Only in Miami cases? The Hon. Edward Klein ruled on smugglers, playmates and scofflaws.
In 1992, Klein ruled against a local supermarket chain after the retailer unknowingly sold a deadly cocaine-contaminated bottle of Pony Malta de Bavaria that was tainted by a former soft-drink importer turned smuggler.
In 1983, Playboy’s 1977 Playmate of the Year, Patti McGuire Connors, came before Judge Klein after she sued her husband, tennis star Jimmy Connors, for divorce. She didn’t want their 3-year-old son to travel from their Turnberry Isle apartment to visit Connors while he played at Wimbledon because the boy had told his mother he had seen his pop kissing “a new girlfriend.”
Klein suggested she accompany her son to England. Instead, the couple reconciled and are still married.
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Richard Jacobs was a fellow trial lawyer with Klein when both, along with the late Judge Ellen Morphonios, worked together at the State Attorney’s Office in the early 1960s. Klein was division head and already developing his reputation as a man with a jovial sense of humor, a brilliant legal mind and an even temperament.
“There was a major case we tried together, a robbery in a whorehouse in what is now Aventura,” Jacobs recalled, laughing that he probably ought to say less. “I keep threatening to write a book … something out of a Damon Runyon novel with these characters.”
Klein, Jacobs said, “was a good man. Thoughtful, considerate, respectful of people. A good trial lawyer. He never let any position go to his head. I learned a lot from him.”
Klein, a retired Miami-Dade circuit court judge, a mediator and a Marlins fan, died June 10 at 89 of a blood disorder.
“He was truly a great father, husband to my mother, and grandfather to my children,” his son, Larry, said. “He loved life so very much and being part of his loving family. My mother is a saint and took care of my dad at his time of need. She kept him comfortable, happy and safe at home [in Kendale Lakes], where he passed quietly.”
Born in Brooklyn on Nov. 17, 1927, Klein moved to Miami in 1943 and graduated from Miami Beach High School. There, he briefly dated Barbara Walters, who would go on to fame in TV journalism.
“I met her in the French Club. We weren’t sweethearts. We may have gone out two or three times,” Klein told the Miami Herald in 1990, when an unauthorized biography on the TV star named him. “We were all close to one another. It was a very nice group of kids. They were very happy times.”
Klein earned his law degree from the University of Florida in 1949. He was an assistant state attorney from 1957 to 1965, when he became a judge, first in criminal court and then civil. In 1973, he began serving as a Miami-Dade circuit judge through 1993.
When Klein retired, he served as a mediator with Mediation Firm Inc., in Fort Lauderdale, for more than 15 years. The mediator role fit.
“Ed was perfect for mediation,” said retired Circuit Judge David Levy. “He had the personality. He wouldn’t lecture people or talk down to them. He had the experience.”
Levy was a newly appointed circuit judge when he met Klein in 1978. “We became friends and had lunch five days a week. He had a tremendous sense of humor and was a great judge with tremendous integrity, which helped me gravitate to him. He never got flustered, never got mad in court.”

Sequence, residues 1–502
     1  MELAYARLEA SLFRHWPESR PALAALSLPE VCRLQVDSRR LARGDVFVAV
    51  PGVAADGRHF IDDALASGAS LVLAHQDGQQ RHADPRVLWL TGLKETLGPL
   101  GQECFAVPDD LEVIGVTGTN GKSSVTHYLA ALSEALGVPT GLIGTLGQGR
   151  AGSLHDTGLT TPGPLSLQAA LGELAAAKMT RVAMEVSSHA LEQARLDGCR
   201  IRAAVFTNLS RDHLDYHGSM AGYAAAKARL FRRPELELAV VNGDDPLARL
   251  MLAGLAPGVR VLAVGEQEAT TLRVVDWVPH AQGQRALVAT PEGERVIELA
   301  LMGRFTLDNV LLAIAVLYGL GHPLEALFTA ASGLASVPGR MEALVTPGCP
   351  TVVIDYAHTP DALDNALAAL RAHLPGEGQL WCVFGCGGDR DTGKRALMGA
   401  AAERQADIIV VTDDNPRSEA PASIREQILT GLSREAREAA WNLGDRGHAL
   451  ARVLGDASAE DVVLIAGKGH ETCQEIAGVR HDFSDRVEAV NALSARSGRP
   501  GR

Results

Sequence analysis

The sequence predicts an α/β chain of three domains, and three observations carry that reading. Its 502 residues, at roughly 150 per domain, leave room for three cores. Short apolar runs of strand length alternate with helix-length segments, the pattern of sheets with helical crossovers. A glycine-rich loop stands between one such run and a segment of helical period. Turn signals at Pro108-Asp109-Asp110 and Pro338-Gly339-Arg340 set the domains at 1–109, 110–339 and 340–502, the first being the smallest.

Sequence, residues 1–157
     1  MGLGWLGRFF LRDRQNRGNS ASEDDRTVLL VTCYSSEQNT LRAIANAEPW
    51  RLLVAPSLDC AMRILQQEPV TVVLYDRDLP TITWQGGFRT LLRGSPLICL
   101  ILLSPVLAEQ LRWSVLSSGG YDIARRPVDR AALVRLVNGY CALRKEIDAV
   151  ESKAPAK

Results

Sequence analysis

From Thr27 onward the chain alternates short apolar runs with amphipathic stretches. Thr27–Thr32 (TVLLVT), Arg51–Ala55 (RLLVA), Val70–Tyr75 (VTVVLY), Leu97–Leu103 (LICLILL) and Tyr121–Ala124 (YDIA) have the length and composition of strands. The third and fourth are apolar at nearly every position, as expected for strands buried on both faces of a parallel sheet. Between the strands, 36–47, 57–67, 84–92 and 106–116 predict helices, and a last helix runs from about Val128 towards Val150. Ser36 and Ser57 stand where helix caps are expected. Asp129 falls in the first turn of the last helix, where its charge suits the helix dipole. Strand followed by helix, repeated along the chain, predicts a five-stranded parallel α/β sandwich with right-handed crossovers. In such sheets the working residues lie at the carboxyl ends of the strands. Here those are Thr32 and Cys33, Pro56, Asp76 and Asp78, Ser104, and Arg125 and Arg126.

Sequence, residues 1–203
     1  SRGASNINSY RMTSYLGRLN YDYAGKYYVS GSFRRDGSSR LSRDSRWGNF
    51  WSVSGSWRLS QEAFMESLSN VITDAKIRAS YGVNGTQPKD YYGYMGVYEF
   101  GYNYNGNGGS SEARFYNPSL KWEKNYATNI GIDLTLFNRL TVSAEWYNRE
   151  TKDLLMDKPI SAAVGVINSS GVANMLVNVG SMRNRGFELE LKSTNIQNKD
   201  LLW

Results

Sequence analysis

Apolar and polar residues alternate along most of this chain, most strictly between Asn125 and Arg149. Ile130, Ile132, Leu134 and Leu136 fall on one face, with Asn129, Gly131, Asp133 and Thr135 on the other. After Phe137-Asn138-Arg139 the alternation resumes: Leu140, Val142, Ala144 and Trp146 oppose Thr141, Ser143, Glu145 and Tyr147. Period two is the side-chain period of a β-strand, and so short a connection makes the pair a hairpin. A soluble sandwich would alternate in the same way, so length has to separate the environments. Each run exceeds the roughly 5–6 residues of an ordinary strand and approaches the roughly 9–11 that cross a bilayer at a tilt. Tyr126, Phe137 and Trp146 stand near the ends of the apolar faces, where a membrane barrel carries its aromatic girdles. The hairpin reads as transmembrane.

When a judge renders a decision, trial lawyers must stop arguing or they face contempt of court. When Levy earned his seat on the bench, he looked to Klein as a role model. One time, after Klein ruled, the losing trial attorney kept arguing with the opposing counsel. Klein told the nonplussed attorneys, “I ruled; that’s the end of the argument.”
The feud raged. As Klein and Levy walked out of the courtroom, Klein turned to the squabbling attorneys and said, “When you’re through arguing will you turn the lights out on your way out?”
“That was the most professional way to handle it,” Levy said. “If the lawyers want to argue, they can argue in an empty room.”
This was the man who introduced me to my love for dance, music, Broadway, and the song ‘Your Feet’s Too Big’ by Fats Waller at the age of 7. He also taught me the importance of having a sense of humor. His jokes never got old and he never let anything come before his family.
Lauren Zwieg on her grandfather, Edward Klein.
Was Klein funny? Was he ever.
“All the people I have talked to in the last few days always comment on his great sense of humor and the 1955 Chevy that we bought when we got married in ’55 and he drove for the next 35 years,” said his wife, Wilma Klein.
One time, Klein and Levy were carpooling on the 836 heading to their West Kendall homes. Klein was driving the green-and-white Chevy Nomad and wearing a pair of frosted sunglasses. White smoke started billowing from the floorboards.
“I said, ‘Ed, I don’t want to alarm you but your car’s on fire. Don’t you see that smoke?’ He sees nothing in those smoked glasses. I said, ‘Ed. We’re on fire.’ He says ‘Stop it!’ and then takes those glasses off and sees all this smoke. We jump out of the car. It was oil boiling,” Levy laughed.
“He was a dear, dear man,” Levy said. “His puns were hysterical. Even if the jokes weren’t good, he’d look at you with this empty stare without laughing to see if you’d break into laughter first and wait you out to see if you would laugh first. It was him telling you the joke that was so funny.”
In 1987, when private country clubs were under fire for restrictive policies, the Miami Herald named some judges who were members. Klein quipped that he belonged to a restricted club, “restricted to people who own a 1955, ’56 or ’57 Chevy. I’m the only guy in Miami with the same car and the same wife for 32 years.”
Klein’s survivors include his wife, Wilma, son Larry, and grandchildren Kristin and Austin Klein and Lauren Zwieg. He was predeceased by his daughter, Jill Klein Rodgers. Services will be private.